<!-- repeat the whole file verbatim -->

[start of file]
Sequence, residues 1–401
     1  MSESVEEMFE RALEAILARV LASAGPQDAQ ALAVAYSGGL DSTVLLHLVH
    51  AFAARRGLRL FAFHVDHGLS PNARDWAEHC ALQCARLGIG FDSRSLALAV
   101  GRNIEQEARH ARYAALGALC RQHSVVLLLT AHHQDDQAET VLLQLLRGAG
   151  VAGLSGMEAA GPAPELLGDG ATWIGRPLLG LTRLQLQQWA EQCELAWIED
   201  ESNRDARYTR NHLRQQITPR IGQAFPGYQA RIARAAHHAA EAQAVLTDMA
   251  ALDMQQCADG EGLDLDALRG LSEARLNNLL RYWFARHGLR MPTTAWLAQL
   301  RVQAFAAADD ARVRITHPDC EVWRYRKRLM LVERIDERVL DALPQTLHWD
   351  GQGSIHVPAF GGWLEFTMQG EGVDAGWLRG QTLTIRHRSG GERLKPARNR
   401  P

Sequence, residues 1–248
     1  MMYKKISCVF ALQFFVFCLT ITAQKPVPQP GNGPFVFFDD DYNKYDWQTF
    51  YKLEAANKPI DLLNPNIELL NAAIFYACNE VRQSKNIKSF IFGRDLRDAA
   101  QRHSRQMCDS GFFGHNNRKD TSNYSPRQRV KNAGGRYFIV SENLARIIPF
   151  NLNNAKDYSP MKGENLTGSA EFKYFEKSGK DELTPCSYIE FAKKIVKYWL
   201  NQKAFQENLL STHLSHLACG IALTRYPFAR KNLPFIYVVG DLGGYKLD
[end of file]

Sequence, residues 1–401
     1  MSESVEEMFE RALEAILARV LASAGPQDAQ ALAVAYSGGL DSTVLLHLVH
    51  AFAARRGLRL FAFHVDHGLS PNARDWAEHC ALQCARLGIG FDSRSLALAV
   101  GRNIEQEARH ARYAALGALC RQHSVVLLLT AHHQDDQAET VLLQLLRGAG
   151  VAGLSGMEAA GPAPELLGDG ATWIGRPLLG LTRLQLQQWA EQCELAWIED
   201  ESNRDARYTR NHLRQQITPR IGQAFPGYQA RIARAAHHAA EAQAVLTDMA
   251  ALDMQQCADG EGLDLDALRG LSEARLNNLL RYWFARHGLR MPTTAWLAQL
   301  RVQAFAAADD ARVRITHPDC EVWRYRKRLM LVERIDERVL DALPQTLHWD
   351  GQGSIHVPAF GGWLEFTMQG EGVDAGWLRG QTLTIRHRSG GERLKPARNR
   401  P

Sequence, residues 1–248
     1  MMYKKISCVF ALQFFVFCLT ITAQKPVPQP GNGPFVFFDD DYNKYDWQTF
    51  YKLEAANKPI DLLNPNIELL NAAIFYACNE VRQSKNIKSF IFGRDLRDAA
   101  QRHSRQMCDS GFFGHNNRKD TSNYSPRQRV KNAGGRYFIV SENLARIIPF
   151  NLNNAKDYSP MKGENLTGSA EFKYFEKSGK DELTPCSYIE FAKKIVKYWL
   201  NQKAFQENLL STHLSHLACG IALTRYPFAR KNLPFIYVVG DLGGYKLD